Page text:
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From Sylvain Wallez <sylvain.wal...@anyware-tech.com>
Subject Re: Source vs. Generator
Date Thu, 04 Jul 2002 08:03:17 GMT
Ugo Cei wrote:

> A long long time ago ... [1] someone here or on cocoon-users made a 
> good job of explaining the pros & cons of Sources vs. Generators. 
> Unfortunately, I can't find it again either on MARC, via Google or in 
> my archived folders.
>
> If the original author or someone else can give me a pointer, I'd be 
> forever grateful :)


Couldn't find the post you mention, as searching "source generator" give 
so many replies ! Anyway, here are some (hopefully clear) explanations.

                                 -- o --

A source is a mean to access data, and makes no assumption on what kind 
of data it is. It provides the low-level plumbing to access the data. 
That's why we have FileSource, URLSource, BlobSource (for SQL blobs), 
SlideSource (for webdav), etc. There is absolutely no assumption that 
data accessed using a Source is XML, nor that it can be converted to XML 
(e.g. gif images).

Sources were added to Cocoon, and later to Avalon because the URL 
protocol extension mechanism provided by the JDK is very limited, as it 
requires some parameters to be set at the JVM level and only allows 
JVM-wide protocol definitions, which is obviously bad for application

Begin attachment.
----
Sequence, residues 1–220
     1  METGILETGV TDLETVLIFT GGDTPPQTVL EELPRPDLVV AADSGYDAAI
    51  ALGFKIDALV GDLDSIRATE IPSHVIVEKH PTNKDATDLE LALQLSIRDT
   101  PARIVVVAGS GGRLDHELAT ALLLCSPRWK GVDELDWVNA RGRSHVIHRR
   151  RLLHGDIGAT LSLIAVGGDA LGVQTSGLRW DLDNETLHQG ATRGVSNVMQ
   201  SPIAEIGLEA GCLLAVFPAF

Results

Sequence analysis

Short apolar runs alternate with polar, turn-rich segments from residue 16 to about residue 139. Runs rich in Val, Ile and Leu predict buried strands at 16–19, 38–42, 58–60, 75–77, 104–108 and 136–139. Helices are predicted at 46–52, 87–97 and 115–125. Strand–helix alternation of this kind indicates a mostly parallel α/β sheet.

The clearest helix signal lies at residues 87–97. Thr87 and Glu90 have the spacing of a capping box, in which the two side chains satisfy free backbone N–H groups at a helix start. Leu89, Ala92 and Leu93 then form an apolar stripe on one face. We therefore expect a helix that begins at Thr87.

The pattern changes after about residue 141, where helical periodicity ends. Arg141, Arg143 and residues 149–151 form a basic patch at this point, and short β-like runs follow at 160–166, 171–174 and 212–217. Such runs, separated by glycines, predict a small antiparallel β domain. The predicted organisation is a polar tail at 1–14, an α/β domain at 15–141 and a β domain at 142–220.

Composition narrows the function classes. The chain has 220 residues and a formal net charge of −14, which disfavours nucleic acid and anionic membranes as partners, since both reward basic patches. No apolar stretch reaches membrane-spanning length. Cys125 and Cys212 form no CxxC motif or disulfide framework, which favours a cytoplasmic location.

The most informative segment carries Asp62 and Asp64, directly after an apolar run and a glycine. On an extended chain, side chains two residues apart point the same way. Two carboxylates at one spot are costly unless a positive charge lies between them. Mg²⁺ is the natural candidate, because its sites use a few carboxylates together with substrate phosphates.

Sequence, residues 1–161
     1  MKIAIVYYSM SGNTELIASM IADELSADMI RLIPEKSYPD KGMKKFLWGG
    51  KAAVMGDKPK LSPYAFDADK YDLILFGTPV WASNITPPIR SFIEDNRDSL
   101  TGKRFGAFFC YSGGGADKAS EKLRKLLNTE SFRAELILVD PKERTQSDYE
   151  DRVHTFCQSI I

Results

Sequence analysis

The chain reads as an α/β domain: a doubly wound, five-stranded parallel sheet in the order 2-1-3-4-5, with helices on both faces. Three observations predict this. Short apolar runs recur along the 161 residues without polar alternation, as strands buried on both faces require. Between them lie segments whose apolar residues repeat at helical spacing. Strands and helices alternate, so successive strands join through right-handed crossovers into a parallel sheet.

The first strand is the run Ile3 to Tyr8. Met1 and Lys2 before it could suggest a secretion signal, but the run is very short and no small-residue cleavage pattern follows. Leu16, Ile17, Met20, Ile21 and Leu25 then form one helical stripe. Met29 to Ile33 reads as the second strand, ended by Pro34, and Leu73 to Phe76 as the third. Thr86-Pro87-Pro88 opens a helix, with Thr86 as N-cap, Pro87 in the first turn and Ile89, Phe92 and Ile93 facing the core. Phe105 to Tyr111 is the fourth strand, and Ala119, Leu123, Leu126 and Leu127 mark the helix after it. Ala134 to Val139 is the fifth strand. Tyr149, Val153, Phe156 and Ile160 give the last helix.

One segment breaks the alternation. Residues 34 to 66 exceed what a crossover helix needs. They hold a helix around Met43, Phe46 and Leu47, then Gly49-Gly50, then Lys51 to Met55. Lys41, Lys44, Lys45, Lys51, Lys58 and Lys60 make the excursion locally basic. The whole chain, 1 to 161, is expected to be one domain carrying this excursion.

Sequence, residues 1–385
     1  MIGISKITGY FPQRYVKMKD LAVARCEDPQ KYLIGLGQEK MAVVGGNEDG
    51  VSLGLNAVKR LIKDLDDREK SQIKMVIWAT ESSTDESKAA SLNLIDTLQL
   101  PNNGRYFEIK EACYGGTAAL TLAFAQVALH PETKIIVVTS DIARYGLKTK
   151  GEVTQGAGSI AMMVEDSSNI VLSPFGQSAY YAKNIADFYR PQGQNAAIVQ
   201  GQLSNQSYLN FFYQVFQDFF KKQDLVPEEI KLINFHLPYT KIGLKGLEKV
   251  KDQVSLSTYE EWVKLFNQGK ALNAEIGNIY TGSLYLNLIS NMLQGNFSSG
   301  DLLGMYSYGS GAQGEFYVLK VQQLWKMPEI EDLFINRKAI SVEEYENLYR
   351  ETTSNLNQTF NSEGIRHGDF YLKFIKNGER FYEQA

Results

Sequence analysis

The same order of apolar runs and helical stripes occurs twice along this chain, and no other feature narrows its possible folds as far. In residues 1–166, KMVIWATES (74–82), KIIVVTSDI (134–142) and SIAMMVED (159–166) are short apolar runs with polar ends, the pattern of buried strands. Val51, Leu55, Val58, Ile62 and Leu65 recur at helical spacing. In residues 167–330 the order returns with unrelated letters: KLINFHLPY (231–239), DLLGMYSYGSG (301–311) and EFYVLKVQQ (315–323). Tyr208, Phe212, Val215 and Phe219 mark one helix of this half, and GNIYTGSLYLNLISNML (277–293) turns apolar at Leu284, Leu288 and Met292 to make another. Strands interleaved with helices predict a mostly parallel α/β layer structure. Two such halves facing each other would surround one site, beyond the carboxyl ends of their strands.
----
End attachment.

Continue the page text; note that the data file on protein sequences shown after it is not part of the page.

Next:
servers.

                                 -- o --

On the other side, a generator produces XML from a given environment. We 
have some generators that rely on sources, other that don't. The 
RequestGenerator for example produces some XML, but doesn't rely on a 
Source.

Source-related generators take a Source as input and generate XML from 
the data given this Source. The most well-kown is the FileGenerator, 
which feeds an XML parser with the Source data. This makes the important 
assumption that data is an XML text. But there are also other 
source-related generators that accept non-XML data : the SWFGenerator 
reads a Flash document from a source and converts it to XML.

So a source-related generator should be considered as a parser (in the 
general meaning of the word), that takes data from a source and produces 
XML.

                                 -- o --

Now that things are clear, lets add some confusion ;)

Some sources provide access to native XML datasources, such as xmldb. 
For these sources, there is no need for a parser since the data can 
already been accessed in its XML form (i.e. DOM or SAX). Moreover, it 
would be a waste of time to ask the source to serialize XML data to 
textual form and then feed a parser. So these Sources implement the 
XMLizable interface to provide direct access to XML data.

Cocoon's SourceResolver takes care of that and provides a toSAX(Source) 
method that decides to use a parser or not depending on the XMLizable 
nature of the Source. Of course, if the source isn't natively XML, this 
assumes it provides XML in its textual form.

                                 -- o --

As a final note, Sources have a wider usage range than geneators. Cocoon 
uses sources everywhere it needs to access data, since sources provide 
independence against the access means. So sources are used to read XSL 
stylesheets, the sitemap, XSP source files, images (in readers), etc. 
And don't forget the nice Cocoon source that gives access to data 
produced dynamically by Cocoon itself.


Hope this helps.

Seems like this explanation is a good candidate for an xdoc. Where 
should it be better located : in user concepts, or developper concepts ?


Sylvain

-- 
Sylvain Wallez
  Anyware Technologies                  Apache Cocoon
  http://www.anyware-tech.com           mailto:sylvain@apache.org




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